PhRMA and BIO self-image: Downtrodden and besieged

Posted by Marcy Darnovsky February 25, 2008
Biopolitical Times
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It's always odd when the privileged and powerful lay claim to the status of victimhood. An example of this unattractive phenomenon is displayed on the cover of the latest issue of The Journal of Life Sciences, shown here.

This slim bimonthly publication, launched last year, carries a mix of business and lifestyle features for the biotech and pharmaceutical industries. The February/March issue, for example, includes a lavishly illustrated story about San Diego golf courses as venues for high-powered bioscience deals, as well as assorted news on the industry's financial and policy prospects.

Though it has the look of an independent magazine, TJOLS is a project of venture capital firm Burrill & Company and the California Healthcare Institute (CHI), a lobbying and trade group. Its advisory board is made up of academic science heavyweights and bioscience financiers and CEOs, including five current or former members of the California stem cell program's board.

The current issue’s cover story - the one illustrated by the governmental jackboot crushing a scientist - examines bills and hearings of concern to Big PhRMA and Big BIO in the current Congressional session. On the sub-textual level, it's a fascinating read. Suffused with an anxious tone and accompanied by another strikingly dire image (researchers bound and gagged in red tape), it basically concedes that the bio-industrial complex doesn't have much to worry about from the current crop of lawmakers.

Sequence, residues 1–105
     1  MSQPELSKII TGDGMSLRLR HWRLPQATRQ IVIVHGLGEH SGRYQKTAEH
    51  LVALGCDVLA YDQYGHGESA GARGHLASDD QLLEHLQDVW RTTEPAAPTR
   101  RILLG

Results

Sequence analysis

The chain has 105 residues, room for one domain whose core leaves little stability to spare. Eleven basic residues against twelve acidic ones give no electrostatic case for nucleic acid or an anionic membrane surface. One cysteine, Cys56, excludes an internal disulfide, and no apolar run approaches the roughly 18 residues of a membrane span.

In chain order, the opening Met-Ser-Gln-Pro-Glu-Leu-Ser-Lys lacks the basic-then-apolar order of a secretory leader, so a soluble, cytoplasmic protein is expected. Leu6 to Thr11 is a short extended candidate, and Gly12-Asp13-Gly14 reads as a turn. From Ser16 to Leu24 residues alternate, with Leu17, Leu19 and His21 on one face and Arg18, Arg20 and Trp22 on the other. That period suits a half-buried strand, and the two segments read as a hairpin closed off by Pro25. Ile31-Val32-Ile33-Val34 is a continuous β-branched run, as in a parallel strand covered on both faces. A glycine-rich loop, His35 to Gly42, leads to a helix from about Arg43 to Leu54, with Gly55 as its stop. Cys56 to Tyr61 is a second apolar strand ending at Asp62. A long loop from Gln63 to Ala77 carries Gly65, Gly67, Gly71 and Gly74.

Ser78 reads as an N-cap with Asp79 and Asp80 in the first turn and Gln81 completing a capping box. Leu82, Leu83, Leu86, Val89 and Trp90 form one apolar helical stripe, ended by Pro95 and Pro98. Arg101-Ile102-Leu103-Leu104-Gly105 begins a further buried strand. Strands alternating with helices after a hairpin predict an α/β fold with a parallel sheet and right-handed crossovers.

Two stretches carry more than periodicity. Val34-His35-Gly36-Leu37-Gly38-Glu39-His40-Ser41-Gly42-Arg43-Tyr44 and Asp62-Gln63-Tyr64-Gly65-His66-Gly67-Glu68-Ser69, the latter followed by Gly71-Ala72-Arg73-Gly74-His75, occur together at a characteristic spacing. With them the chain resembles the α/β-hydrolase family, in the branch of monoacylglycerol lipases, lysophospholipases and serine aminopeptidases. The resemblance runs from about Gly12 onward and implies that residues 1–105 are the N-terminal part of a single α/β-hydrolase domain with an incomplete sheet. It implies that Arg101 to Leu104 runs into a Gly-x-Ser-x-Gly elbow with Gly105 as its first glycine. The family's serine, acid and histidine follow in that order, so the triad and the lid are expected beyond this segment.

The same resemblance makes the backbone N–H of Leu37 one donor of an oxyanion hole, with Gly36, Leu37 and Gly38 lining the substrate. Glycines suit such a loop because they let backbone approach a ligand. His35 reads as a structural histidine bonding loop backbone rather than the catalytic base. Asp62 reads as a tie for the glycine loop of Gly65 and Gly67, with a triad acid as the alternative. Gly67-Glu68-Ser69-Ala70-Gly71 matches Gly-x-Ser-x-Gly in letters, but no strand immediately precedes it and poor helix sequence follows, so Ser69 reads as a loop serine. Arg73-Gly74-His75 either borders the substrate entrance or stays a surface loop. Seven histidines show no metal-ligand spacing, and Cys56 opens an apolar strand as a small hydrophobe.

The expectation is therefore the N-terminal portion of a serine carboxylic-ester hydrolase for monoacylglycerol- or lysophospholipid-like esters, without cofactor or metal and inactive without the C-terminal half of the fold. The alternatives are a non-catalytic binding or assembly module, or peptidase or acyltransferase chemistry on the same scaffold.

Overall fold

Last year's FDA reform bill, which takes effect this year, is judged benign. "We were worried that, in the wake of Vioxx, there would be draconian safety provisions, but we avoided that," comments an "optimistic" James Greenwood, BIO CEO and former Republican Congress member from Pennsylvania. (The Vioxx scandal, in which Merck's ibuprofen alternative caused at least 40,000 deaths from premature heart attacks and strokes, led to expectations of a meaningful FDA overhaul. But that's not what happened. As independent analyst Merrill Goozner put it, "Commercial interests still trump safety concerns at America's drug oversight body.")

Greenwood and other industry commentators go on to note additional provisions in the legislation that will "bolster innovation" and remove "burdens" on product development.

So the regulatory climate is looking pretty darn comfy. And the pharmaceutical industry continues to be one of the most profitable in the world – the second highest in the US in 2007. But the captains of bioscience still reserve the right to whine: In their introductory publishers' comment, Steven Burrill and CHI head David Gollaher complain that "anxiety about a government `takeover' of American medicine is not merely political posturing."